Planning a Surprise Gay Wedding in the Caribbean Isn't Easy | Outtraveler
June July 2016
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Planning a Surprise Gay Wedding in the Caribbean Isn't Easy

Planning a Surprise Gay Wedding in the Caribbean Isn't Easy

“Surprise… we’re getting married on Saba!” That’s what I said to my partner Neal as we headed south to wed on the Dutch island of Saba. What makes this humorous, and a tad cruel, is that Neal had been telling everyone that Canada was going to be the site of our vows. So let me explain.

In May of 2013, while in Paris celebrating Neal's 50th birthday, I decided we should elope to Saba in 2014 and be married on the 16th anniversary of our first date. The only catch was that I had no intention of telling Neal any of this.

In February 2014, I handed a form to Neal and said "Here, sign this." He asked what he was signing; I said that I needed a copy of his birth certificate. He asked, “What for?” and I said, "None of your beeswax.” He signed reluctantly.

In March I told Neal to take June 10-13 off from work. He asked, “If this is for my nephew's wedding on June 14, why do we need to take so much time off just to fly to Wisconsin for the weekend?” 

“Just do it and don't ask any questions,” I answered. But suddenly a light went off over Neal's head: “Hey wait a minute...you're getting a copy of my birth certificate and now you want me to take off a week in June which just happens to also be the anniversary of when we first met — are we getting married?” 

"Maybe," I was forced to admit.

Then in April I said to Neal, “I need you to meet me at Philadelphia City Hall tomorrow morning. We need to get a ‘Proof of Single Status’ at the Philadelphia Marriage Registry office.”

"But why?" he asked. “I never heard of anyone getting married in America who needs such proof.” Then the light bulb again:  “Hey, are we getting married in a foreign country?"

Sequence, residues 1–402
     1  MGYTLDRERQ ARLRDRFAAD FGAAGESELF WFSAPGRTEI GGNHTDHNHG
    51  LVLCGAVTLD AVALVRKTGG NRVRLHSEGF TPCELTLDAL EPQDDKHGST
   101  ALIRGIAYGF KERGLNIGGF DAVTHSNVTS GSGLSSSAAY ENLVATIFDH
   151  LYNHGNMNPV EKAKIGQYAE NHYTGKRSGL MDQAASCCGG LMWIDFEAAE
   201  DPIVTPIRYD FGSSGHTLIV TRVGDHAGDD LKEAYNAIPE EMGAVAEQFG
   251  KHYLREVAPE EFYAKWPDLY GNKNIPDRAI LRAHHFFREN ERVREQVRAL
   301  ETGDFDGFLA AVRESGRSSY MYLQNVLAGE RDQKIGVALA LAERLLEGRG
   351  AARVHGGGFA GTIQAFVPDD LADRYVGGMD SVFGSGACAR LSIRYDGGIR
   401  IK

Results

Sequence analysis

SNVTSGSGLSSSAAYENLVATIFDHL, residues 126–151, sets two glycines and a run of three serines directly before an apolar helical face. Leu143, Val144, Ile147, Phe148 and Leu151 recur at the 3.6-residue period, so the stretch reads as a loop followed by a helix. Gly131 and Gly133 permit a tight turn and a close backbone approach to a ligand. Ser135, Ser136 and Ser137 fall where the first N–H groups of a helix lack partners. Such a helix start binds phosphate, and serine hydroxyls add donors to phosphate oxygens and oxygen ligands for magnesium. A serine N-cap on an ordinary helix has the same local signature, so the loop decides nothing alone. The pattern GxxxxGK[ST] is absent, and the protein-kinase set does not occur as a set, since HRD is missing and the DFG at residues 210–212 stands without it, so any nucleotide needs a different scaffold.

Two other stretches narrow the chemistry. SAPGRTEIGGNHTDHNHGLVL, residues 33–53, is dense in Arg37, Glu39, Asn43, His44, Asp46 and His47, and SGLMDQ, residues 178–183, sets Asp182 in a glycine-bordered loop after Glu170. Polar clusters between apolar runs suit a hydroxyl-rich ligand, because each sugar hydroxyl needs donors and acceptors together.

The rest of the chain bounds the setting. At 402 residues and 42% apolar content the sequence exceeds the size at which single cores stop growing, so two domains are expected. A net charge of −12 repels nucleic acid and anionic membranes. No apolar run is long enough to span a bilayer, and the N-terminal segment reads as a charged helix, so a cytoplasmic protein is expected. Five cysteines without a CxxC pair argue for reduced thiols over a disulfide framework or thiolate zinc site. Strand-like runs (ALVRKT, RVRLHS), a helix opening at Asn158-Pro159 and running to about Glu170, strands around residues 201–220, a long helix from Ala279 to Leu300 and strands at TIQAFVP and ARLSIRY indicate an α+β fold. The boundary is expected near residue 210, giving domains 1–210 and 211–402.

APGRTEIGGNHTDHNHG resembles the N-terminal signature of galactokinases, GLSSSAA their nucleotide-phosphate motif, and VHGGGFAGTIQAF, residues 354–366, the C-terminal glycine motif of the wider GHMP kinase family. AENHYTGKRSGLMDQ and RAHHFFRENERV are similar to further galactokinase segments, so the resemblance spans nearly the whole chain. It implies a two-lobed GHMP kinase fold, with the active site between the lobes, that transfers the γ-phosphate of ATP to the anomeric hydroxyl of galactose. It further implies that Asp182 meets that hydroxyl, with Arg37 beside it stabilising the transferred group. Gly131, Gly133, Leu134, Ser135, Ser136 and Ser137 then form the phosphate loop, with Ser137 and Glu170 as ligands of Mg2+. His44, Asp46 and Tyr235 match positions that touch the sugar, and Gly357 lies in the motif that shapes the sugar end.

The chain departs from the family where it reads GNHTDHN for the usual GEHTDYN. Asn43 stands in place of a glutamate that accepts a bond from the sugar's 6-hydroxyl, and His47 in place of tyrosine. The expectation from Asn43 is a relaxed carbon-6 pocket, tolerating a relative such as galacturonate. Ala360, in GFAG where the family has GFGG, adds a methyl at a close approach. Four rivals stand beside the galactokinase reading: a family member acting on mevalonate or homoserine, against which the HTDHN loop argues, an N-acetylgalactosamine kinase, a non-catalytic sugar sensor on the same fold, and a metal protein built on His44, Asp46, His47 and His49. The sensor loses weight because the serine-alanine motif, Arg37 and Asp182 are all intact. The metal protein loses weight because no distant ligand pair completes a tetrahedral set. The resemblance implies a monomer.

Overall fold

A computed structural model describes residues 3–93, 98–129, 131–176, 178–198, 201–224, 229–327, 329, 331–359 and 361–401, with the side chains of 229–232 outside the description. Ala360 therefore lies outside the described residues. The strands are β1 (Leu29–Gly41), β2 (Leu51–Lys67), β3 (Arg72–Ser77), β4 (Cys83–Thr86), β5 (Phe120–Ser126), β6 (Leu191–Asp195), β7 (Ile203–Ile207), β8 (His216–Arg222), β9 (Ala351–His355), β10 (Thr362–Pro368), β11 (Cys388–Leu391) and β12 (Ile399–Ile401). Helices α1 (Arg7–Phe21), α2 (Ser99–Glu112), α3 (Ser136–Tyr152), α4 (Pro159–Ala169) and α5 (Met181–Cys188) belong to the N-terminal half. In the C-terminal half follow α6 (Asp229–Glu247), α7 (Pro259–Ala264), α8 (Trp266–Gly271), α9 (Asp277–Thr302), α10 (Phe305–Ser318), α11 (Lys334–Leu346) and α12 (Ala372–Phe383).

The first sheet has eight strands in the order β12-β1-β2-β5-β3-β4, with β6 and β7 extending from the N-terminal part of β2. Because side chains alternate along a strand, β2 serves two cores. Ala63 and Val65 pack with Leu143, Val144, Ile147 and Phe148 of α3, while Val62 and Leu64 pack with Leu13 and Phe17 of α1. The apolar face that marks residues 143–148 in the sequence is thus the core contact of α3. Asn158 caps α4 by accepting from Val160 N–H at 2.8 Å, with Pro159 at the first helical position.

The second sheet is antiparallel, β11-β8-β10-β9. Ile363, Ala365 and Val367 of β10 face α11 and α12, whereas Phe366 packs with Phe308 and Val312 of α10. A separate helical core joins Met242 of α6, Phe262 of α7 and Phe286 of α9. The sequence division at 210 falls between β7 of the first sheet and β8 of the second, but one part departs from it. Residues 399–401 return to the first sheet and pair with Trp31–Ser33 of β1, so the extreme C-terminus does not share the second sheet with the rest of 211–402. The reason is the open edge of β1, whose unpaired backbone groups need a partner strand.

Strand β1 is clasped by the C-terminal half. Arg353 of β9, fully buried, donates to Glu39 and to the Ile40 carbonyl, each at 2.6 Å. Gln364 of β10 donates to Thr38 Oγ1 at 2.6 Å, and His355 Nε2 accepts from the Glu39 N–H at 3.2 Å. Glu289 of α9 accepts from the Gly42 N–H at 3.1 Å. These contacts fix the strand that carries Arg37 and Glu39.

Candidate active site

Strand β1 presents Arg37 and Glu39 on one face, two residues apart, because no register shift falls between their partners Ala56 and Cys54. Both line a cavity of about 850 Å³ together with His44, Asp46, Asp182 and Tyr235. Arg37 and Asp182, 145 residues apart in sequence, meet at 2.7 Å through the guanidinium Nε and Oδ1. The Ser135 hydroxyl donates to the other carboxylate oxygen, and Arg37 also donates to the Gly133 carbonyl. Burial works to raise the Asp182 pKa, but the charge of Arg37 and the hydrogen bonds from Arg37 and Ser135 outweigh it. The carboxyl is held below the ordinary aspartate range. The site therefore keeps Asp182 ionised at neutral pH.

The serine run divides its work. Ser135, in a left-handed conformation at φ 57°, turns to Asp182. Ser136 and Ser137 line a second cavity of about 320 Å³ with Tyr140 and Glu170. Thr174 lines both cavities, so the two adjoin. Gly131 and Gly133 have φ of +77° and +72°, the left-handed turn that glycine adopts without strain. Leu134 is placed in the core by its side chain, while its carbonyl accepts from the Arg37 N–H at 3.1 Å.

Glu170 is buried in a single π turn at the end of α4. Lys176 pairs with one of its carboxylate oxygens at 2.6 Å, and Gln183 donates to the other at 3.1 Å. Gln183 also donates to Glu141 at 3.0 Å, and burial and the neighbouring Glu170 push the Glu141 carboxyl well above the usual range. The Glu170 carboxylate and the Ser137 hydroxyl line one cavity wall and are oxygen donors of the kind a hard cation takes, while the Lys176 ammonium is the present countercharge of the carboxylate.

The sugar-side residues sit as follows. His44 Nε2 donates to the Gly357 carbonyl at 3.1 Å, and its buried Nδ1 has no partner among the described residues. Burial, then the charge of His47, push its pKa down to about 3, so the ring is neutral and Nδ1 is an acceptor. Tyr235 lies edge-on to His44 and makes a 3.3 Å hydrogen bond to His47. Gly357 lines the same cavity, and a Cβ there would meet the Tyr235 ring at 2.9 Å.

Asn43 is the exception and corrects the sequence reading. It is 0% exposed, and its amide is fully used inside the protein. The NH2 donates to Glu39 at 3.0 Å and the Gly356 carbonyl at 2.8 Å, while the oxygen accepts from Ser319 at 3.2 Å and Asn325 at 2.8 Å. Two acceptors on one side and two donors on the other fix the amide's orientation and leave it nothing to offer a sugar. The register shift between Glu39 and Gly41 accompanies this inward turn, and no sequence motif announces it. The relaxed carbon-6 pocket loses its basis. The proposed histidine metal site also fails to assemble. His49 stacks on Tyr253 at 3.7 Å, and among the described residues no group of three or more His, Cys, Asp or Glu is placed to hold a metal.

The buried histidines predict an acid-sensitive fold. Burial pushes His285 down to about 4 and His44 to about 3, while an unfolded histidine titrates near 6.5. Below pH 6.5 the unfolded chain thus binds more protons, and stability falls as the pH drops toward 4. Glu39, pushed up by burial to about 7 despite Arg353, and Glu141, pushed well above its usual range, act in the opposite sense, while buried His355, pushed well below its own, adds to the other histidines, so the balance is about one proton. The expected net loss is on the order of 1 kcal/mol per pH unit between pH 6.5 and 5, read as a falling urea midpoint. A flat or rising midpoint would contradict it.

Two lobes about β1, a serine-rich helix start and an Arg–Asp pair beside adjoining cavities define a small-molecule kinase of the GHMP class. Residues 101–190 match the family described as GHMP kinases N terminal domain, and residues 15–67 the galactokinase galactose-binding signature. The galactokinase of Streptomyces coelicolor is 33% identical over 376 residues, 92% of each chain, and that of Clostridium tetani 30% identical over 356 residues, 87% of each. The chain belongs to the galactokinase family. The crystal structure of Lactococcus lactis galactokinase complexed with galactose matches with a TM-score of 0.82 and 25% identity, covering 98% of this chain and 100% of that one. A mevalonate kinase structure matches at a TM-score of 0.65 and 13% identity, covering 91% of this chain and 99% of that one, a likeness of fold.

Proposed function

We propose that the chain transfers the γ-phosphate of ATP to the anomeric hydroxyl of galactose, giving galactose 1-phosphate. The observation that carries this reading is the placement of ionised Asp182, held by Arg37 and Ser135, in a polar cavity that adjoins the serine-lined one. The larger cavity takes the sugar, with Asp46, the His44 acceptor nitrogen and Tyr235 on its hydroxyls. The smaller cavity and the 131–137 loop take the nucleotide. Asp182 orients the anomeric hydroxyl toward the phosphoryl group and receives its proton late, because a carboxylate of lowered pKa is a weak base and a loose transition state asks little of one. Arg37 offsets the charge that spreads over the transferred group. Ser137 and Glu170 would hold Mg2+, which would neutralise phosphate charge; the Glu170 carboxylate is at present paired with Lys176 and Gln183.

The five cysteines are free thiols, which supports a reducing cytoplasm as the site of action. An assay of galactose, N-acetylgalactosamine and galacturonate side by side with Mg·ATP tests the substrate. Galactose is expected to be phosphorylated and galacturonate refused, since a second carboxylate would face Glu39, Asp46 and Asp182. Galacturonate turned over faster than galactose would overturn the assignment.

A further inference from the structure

“Maybe.”

So then came weeks of Neal saying things like: “Where are we getting married? Is it in Canada? I bet it's in Canada! Should I brush up on my French? Does this involve fresh Nova Scotian mussels or just-caught British Colombian salmon?” 

“You know, it is now legal for two men to get married in Uruguay,” I said, “and you always said you wanted to eat steak in Montevideo.” Neal, who never said such a thing, was not amused.

This game went on for months, with Neal trying to guess and me not letting on. Neal, in the meantime, was convinced that we were headed to Canada (since it was in the vicinity of Wisconsin, and his nephew's wedding). I let him believe it and did not correct him when he said this to everyone he came into contact with. On a side note, getting married in the Caribbean on June 12 and then being in Wisconsin on the 14 for another wedding was a logistical nightmare: six days, eight flights, and one three-hour bus ride.

Imagine Neal's surprise when we boarded a plane in Philadelphia that was heading to North Carolina.  Luckily for me in the terminal, deciphering airline codes is not one of Neal’s forte. Here is how the conversation went, 30,000 feet in the air.  "Lee, why are we heading south, when Canada is north?"

"Surprise, we're not going to Canada. We're getting married on Saba." Silence...